I think that we simply have to understand that every situation that we are in, we are in for a reason. To the Israelites YHWH said that he chastened them like a man chastened his son (Deuteronomy 8,5). As we know, they lacked patience way too often. If we looked at issues in our live as something that either we brought upon ourselves or as lessons from YHWH for our own benefit, thus being patient, we could actually use them to improve our own walk and receive the blessings manifold instead of blaming YHWH for not listening to our prayers.
I guess one of the verses in the scripture that convicted me of the importance of this would be Proverbs 10, 28: The hope of the righteous shall be gladness: but the expectation of the wicked shall perish.
With patience even having to wait for something can be pure joy in my opinion.
And since Galatians 5:22 speaks of long-suffering as a fruit of the spirit, shouldn´t we all seek it? I believe that there a way for us to become more patient. It is a struggle to get their and one might stumble but it is worth it. All we have to do is leave everything in YHWH´s hands and as messiah told us, not worry. That sounds easy, yet is quite complex. But we should start with the small worries that we have and once we get better we´ll get rid of any worries. The patience we´ll receive will stop us from seeking our own will but seeking his will because we´ll quit to just accept any possible option in our life just because we feel we have to get anywhere, but we´ll seek YHWH to reveal his plan. On the other hand we´ll also have to be ready to listen and even if it doesn´t initially please us, we have to understand that what he wants is best.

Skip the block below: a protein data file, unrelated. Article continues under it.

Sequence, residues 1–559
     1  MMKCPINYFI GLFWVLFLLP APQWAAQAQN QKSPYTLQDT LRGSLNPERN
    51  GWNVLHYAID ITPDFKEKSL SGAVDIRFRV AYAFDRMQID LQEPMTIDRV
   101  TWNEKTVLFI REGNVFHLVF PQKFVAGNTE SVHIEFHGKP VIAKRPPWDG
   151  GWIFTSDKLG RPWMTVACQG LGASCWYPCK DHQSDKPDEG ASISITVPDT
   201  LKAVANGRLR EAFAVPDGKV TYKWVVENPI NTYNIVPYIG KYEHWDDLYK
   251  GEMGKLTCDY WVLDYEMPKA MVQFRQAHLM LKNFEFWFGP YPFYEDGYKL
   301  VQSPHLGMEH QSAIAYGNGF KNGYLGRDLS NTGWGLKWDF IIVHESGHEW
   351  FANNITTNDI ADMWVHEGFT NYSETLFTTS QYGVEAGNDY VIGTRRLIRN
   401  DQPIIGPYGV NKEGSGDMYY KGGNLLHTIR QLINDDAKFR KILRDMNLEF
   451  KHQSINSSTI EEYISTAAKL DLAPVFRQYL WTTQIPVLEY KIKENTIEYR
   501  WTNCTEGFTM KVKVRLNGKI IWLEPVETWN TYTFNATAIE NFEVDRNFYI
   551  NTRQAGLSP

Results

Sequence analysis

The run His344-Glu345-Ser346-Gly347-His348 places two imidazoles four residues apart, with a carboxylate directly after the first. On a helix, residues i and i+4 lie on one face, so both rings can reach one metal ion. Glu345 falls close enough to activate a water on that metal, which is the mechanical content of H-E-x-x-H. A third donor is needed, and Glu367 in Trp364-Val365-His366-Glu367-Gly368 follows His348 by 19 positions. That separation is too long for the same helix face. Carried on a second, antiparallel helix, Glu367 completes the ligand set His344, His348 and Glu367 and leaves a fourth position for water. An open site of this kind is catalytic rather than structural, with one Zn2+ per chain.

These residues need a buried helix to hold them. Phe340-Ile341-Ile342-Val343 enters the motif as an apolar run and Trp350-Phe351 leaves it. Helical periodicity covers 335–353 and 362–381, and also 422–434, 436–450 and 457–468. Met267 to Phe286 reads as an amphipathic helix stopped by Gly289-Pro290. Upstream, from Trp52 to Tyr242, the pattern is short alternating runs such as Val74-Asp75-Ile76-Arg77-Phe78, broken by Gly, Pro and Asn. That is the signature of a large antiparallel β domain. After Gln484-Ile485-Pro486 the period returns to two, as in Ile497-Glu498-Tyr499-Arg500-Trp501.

Thus in conclusion:
Be blessed in messiah´s name and ask him to teach you patience.
Lorenz was born in 1989 in Holzminden, Germany and raised as a Lutheran Christian. After he spent his first years as a teenager in a clearly wordly way, he made a life-changing trip to Israel where he reconsidered the path he had chosen so far. Afterwards he initially became interested in Catholicism and Orthodox Christianity and planned to become an orthodox monk. However on one day he opened the bible and actually read it without being influenced by the interpretation of any church. That was the beginning of his perpetual journey towards a Torah-observant, Messiah-following lifestyle.